vain) offering myriad packages including Stackhouse, forward
Antoine Walker and their newly acquired lottery pick. "Everything
they're doing," said a Western Conference executive who had
spoken repeatedly with Dallas, "is aimed at making a run at

That run seemed all the more likely when Dallas drafted Wisconsin
junior point guard Devin Harris, then sent a future first-round
pick to the Utah Jazz for the No. 21 selection, 7'5" Russian
center Pavel Podkolzine. One or both could be sent on to Los
Angeles as part of a deal for O'Neal; or Dallas could re-sign
free-agent point guard Steve Nash, include him in the package
going to L.A. and hand the Mavs' quarterbacking duties to Harris.
After making the trade with Washington, Cuban sent his team
psychologist (a full-time position on the Mavs) to test the top
picks for the personality traits most associated with NBA
success. Harris ranked at the top. Cuban was especially impressed
that Harris made a smooth transition to college after having his
spleen removed between his junior and senior seasons at Wauwatosa
(Wis.) East High.

Harris may succeed without his spleen, but the Mavs aren't going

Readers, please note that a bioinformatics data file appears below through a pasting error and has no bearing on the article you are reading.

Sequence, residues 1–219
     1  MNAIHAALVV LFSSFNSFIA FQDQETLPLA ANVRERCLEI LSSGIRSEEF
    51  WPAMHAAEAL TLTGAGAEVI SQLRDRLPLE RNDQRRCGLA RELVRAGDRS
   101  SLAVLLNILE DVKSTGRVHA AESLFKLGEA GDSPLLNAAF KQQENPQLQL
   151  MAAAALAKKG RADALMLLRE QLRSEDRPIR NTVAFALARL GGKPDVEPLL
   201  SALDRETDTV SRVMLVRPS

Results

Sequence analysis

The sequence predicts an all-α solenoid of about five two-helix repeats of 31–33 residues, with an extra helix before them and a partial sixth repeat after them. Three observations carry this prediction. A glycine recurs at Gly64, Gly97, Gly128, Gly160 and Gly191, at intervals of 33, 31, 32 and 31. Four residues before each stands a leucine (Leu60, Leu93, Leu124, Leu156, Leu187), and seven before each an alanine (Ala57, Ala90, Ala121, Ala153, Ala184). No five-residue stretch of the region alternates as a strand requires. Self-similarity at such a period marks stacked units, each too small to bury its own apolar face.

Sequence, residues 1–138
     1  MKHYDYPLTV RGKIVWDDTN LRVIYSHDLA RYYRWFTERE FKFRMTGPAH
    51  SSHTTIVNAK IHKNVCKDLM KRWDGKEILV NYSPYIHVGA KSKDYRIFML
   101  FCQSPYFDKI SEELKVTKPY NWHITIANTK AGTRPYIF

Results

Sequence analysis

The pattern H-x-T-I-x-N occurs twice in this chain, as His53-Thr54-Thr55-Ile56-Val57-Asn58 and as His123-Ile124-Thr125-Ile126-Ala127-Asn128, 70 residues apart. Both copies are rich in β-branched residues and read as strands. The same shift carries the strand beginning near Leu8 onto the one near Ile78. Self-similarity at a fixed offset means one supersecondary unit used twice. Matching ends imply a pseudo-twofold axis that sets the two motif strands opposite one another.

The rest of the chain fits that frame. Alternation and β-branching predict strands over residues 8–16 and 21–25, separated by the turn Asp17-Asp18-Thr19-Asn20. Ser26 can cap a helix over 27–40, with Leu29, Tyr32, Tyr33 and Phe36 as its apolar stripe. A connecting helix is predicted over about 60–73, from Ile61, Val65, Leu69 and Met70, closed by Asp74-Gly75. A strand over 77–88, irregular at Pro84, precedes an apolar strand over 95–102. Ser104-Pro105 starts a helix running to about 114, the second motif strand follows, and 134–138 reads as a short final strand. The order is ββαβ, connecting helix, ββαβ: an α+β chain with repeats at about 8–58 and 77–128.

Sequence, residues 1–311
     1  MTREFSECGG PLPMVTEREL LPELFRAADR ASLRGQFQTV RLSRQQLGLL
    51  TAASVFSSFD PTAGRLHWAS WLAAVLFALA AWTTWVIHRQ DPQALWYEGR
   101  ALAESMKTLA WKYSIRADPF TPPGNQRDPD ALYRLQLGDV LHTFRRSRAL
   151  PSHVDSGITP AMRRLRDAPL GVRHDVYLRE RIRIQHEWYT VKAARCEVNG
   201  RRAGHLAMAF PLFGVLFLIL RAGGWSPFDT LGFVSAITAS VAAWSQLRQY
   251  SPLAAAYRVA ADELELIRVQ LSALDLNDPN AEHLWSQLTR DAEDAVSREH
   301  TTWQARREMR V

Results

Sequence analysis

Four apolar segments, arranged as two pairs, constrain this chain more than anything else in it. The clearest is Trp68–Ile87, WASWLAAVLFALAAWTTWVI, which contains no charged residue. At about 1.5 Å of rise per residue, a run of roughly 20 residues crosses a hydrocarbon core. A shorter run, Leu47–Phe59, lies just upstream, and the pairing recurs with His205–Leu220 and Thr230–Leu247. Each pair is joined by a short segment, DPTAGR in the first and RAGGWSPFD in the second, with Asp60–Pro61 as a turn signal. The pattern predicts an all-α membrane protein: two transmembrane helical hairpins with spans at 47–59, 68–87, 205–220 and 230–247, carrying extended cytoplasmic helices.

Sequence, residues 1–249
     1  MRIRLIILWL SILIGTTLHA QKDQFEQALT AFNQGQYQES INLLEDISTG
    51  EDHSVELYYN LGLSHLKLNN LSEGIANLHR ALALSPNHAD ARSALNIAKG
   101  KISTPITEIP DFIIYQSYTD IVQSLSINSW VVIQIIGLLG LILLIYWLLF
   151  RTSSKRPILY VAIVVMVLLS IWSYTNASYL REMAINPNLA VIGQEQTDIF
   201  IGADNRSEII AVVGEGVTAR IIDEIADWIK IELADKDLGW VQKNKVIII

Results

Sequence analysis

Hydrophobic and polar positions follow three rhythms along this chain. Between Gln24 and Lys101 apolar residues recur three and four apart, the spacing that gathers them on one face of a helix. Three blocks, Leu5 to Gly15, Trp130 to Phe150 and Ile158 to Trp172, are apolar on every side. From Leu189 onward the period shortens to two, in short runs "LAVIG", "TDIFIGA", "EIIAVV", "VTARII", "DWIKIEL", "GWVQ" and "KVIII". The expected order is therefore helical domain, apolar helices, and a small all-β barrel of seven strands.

anywhere without improving a defense that ranked 28th in points
allowed (100.8 per game) and 27th in opponents' field goal
percentage (45.9). That's just one reason the trade for a shot
blocker like Shaq makes sense. One rumored deal included Nash and
All-Star forward Dirk Nowitzki, who, while vacationing in Europe,
received a reassuring e-mail from his boss. "I told Dirk we are
not trading him," Cuban says. Under no circumstances?
"Absolutely, positively," he says, "we are not trading Dirk

Cuban and the Nellies agree that a deal involving Nowitzki and
Nash would still leave them short: If the Lakers couldn't
overcome the Detroit Pistons with O'Neal and Kobe Bryant, why
should Dallas believe it could prevail with O'Neal and Michael
Finley? At this point Cuban has to wait for L.A. to make the
first move, anyway. The Lakers will try to hire Rudy Tomjanovich
as their coach and hope he can repair the rifts between 1) Shaq
and Kobe and 2) Shaq and management, which has refused to give
O'Neal a two-year, $60 million extension past 2005-06, when he
will be making $30.6 million as a 34-year-old. If peace can be
made, then Shaq will be off the table; if it can't and Shaq
forces a trade, then the Lakers must come to the Mavericks and
other teams seeking offers. Cuban clearly believes he could
handle the issue of Shaq's extension. "I can't name names," he